Because light from slit 30 impinges on filter 32 at an incident angle slightly displaced from the normal, the first surface of filter 32 irradiated by the scattered light reflects the light back through collimating lens 31 at an angle offset from the path of scattered light passing through slit 30. This reflected beam is directed onto a first reflector, such as a mirror 34, which reflects the light onto a second reflector, such as a mirror 35, from whence the light beam is reflected back through collimating lens 31 toward interference filter 32. The incident angle of this reflected light beam on filter 32 is selected to coincide with the angle necessary to allow light of wavelength corresponding to the fundamental Raman scattering band to pass through filter 32. Light in the fundamental Raman scattering band thus emerging from interference filter 32 is refocused by lens 33 onto the second channel of split photodetector 25. As in the apparatus of FIG. 3, an output signal from each channel of photodetector 25 is supplied to ratio detector 26, and an output reading, which may be calibrated in terms of temperature of the flame being monitored, is provided by display apparatus 27. Those skilled in the art will appreciate that the apparatus of FIG. 4 may be somewhat less stable, albeit more efficient, than the apparatus of FIG. 3.
The angle dependence of interference filter 32 of FIG. 4, like that of interference filter 23 of FIG. 3, is set forth in Table I, supra. Moreover, as with the apparatus of FIG. 3, scattered light collimation by lens 31 must be on the order of 0.3° to 1° in the plane perpendicular to filter tilt axis 36 and about 2° in the plane which coincides with the filter tilt axis and the longitudinal axis of slit 30.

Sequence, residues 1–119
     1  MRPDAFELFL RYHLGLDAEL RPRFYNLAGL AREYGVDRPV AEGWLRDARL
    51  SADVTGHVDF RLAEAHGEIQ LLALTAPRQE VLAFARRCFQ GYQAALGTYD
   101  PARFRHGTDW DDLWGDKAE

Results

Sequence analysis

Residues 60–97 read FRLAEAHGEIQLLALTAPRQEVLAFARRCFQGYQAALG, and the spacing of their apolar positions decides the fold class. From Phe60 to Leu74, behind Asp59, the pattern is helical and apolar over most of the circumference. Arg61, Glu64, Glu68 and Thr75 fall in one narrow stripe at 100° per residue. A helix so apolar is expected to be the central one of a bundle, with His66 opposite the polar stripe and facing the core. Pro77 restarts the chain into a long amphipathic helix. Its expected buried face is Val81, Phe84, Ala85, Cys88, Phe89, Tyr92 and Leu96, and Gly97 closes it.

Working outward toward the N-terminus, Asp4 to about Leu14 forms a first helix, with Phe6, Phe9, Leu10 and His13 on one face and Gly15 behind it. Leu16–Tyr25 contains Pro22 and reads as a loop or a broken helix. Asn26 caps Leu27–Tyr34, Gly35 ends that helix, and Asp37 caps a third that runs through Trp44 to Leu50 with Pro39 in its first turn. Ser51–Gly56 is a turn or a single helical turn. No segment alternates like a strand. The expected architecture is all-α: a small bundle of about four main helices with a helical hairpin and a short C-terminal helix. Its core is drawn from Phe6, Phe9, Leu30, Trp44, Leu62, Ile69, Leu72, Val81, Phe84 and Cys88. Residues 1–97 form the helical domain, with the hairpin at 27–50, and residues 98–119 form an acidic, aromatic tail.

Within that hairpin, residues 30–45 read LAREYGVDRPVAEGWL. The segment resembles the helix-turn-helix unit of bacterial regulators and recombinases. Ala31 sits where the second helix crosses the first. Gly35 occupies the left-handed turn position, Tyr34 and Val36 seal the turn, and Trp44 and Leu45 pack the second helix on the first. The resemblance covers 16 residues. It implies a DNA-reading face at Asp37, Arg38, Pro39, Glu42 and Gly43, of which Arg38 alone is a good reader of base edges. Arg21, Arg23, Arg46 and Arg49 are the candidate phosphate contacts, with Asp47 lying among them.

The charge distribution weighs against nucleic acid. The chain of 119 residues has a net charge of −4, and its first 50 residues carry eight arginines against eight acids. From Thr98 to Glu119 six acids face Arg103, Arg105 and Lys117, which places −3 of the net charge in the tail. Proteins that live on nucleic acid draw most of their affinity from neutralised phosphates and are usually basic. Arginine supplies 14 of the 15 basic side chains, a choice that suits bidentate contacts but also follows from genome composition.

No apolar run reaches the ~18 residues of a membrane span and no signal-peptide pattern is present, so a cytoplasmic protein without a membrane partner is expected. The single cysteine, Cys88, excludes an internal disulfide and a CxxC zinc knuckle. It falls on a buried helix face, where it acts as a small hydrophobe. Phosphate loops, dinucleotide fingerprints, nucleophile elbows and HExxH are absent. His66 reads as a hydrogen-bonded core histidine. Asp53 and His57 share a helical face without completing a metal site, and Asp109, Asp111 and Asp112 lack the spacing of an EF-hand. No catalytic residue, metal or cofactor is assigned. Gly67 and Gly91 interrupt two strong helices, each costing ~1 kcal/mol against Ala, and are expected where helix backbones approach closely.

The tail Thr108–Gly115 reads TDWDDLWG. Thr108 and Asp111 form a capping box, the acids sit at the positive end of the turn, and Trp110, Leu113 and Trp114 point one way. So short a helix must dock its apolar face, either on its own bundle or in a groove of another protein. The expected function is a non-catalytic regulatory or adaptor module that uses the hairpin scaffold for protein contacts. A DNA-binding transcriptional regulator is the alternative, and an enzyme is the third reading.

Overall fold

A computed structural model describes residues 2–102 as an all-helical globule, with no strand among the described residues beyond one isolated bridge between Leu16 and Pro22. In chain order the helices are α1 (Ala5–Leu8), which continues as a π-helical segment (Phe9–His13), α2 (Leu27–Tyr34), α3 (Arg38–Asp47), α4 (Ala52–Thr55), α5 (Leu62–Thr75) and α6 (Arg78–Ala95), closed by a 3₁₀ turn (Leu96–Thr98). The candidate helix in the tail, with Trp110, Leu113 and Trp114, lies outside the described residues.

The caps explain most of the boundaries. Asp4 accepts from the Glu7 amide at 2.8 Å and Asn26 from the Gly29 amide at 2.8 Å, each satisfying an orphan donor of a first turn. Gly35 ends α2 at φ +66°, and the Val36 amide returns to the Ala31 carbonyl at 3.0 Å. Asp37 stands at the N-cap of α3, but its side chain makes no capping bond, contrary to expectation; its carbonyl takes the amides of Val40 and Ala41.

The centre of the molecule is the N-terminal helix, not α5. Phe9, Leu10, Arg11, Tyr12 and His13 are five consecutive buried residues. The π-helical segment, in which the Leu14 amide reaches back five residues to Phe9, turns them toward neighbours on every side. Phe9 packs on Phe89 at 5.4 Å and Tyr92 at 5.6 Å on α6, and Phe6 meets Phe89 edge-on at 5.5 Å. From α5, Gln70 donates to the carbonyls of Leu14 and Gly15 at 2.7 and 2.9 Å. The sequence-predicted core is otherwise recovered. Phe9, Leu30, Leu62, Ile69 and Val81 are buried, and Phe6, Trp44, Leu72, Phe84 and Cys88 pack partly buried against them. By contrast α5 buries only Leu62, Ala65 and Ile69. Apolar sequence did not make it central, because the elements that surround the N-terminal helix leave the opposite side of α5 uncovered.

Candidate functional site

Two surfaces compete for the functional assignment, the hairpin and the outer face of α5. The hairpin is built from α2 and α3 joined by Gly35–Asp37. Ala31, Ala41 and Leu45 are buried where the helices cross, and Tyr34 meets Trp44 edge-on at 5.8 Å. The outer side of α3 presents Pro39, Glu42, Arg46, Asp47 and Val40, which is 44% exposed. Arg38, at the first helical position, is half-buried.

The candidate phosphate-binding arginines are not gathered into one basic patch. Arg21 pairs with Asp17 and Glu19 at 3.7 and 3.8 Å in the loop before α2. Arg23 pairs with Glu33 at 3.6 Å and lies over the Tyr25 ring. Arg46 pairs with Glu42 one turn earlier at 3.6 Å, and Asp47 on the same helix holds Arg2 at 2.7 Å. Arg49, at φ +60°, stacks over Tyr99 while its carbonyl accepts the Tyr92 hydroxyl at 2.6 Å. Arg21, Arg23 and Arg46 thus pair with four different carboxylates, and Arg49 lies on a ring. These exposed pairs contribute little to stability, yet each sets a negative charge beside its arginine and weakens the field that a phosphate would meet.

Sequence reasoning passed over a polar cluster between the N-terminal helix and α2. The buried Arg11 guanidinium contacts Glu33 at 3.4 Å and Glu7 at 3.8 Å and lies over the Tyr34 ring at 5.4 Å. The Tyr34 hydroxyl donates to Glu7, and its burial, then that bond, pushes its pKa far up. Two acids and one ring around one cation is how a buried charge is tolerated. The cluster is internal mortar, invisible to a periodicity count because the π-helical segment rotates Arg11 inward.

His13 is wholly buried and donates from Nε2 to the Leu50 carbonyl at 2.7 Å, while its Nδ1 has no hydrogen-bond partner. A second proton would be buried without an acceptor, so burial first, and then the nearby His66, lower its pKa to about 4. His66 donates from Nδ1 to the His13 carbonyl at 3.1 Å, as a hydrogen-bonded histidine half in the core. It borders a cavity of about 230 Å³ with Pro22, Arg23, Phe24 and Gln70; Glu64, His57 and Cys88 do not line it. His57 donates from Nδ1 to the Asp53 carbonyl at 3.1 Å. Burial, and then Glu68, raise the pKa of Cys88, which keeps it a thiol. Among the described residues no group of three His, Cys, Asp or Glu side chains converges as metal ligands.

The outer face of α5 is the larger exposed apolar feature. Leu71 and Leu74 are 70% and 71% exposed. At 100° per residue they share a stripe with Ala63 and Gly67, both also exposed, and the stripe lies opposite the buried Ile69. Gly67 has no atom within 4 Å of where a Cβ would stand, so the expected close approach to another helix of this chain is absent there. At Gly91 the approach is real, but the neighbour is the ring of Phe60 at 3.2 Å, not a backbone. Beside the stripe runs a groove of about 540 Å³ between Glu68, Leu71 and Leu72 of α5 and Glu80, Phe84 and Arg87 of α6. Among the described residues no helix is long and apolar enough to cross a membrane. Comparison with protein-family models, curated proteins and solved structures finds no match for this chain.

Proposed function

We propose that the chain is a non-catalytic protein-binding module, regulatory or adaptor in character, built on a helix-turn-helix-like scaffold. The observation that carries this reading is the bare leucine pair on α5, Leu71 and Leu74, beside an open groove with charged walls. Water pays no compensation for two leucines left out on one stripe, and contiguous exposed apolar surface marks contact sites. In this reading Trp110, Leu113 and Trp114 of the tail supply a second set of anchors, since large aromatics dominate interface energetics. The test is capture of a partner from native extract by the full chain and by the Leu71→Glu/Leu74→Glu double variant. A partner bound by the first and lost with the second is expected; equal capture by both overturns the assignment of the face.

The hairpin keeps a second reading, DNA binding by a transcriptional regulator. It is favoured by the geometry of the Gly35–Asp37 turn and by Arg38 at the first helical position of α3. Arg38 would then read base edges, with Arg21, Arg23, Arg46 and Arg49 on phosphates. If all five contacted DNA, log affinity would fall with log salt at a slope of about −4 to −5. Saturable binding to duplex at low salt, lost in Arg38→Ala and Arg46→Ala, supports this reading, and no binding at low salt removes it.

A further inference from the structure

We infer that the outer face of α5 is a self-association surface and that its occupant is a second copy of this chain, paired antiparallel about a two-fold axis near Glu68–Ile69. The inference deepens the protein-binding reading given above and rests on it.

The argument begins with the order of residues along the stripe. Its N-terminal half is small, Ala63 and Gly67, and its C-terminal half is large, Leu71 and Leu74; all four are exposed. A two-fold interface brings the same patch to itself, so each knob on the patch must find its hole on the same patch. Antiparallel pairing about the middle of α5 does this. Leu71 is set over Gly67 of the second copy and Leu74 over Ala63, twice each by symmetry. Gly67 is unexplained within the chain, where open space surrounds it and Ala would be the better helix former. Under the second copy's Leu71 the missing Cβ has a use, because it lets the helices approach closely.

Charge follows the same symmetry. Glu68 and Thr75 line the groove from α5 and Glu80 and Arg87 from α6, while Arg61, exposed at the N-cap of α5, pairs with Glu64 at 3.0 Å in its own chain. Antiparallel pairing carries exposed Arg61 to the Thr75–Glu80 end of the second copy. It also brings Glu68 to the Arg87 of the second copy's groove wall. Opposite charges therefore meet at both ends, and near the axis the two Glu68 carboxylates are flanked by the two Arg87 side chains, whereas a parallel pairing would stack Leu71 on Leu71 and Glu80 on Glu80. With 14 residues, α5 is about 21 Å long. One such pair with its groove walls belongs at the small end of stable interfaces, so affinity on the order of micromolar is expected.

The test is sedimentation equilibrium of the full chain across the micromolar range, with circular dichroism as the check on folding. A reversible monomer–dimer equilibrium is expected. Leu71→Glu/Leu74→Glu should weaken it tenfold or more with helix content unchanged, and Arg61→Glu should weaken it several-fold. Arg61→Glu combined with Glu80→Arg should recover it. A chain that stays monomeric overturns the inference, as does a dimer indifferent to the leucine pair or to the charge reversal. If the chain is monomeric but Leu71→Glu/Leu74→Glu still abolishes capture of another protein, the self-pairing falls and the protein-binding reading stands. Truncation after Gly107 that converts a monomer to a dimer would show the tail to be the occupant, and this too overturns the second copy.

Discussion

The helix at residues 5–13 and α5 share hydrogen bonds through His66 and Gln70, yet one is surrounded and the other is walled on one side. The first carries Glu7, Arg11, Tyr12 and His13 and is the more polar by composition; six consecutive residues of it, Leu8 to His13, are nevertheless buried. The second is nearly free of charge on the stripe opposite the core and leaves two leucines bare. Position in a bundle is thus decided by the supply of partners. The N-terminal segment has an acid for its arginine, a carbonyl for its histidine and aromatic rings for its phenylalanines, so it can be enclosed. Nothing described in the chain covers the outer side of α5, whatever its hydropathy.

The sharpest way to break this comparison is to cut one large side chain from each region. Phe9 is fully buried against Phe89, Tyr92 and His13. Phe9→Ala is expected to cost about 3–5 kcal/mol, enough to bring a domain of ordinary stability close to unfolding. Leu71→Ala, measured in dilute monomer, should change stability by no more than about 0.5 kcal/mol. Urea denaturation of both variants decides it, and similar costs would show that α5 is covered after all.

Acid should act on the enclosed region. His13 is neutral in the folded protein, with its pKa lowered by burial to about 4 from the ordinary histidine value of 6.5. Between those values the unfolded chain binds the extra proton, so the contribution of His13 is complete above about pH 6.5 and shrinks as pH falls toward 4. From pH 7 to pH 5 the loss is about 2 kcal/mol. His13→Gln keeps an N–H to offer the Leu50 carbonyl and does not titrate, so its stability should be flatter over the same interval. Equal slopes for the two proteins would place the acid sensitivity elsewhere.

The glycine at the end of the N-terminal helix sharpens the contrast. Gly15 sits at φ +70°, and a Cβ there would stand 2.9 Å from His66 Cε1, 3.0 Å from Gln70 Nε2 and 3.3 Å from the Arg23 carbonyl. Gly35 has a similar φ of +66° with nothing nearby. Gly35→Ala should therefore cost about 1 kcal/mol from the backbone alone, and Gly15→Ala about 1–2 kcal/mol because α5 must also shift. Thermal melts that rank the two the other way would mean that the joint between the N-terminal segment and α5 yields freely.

FIG. 5, as previously mentioned, illustrates the effect of a change in incident angle of light impinging on a filter, such as filter 32 shown in FIG. 4, as a result of tilting the filter. Thus, as the filter is tilted to increase the incident angle φ from zero degrees toward 45°, transmissivity of the filter descreases, and selectivity of the filter decreases due to increasing bandwidth of the filter passband with increasing incident angle φ. As the incident angle increases, moreover, the center wavelength of the filter passband decreases so that, at the smaller angles of incidence, the fundamental Raman scattering band may be passed by the filter while, at the larger angles of incidence, the first upper state Raman scattering band may be passed by the filter. Consequently, use of two simultaneous beams to pass through the interference filter in the apparatus of either of FIGS. 3 and 4 allows simultaneous determination of light intensity in the vibrational Raman scattering fundamental and first upper state bands, the ratio of which is employed to provide real-time temperature data.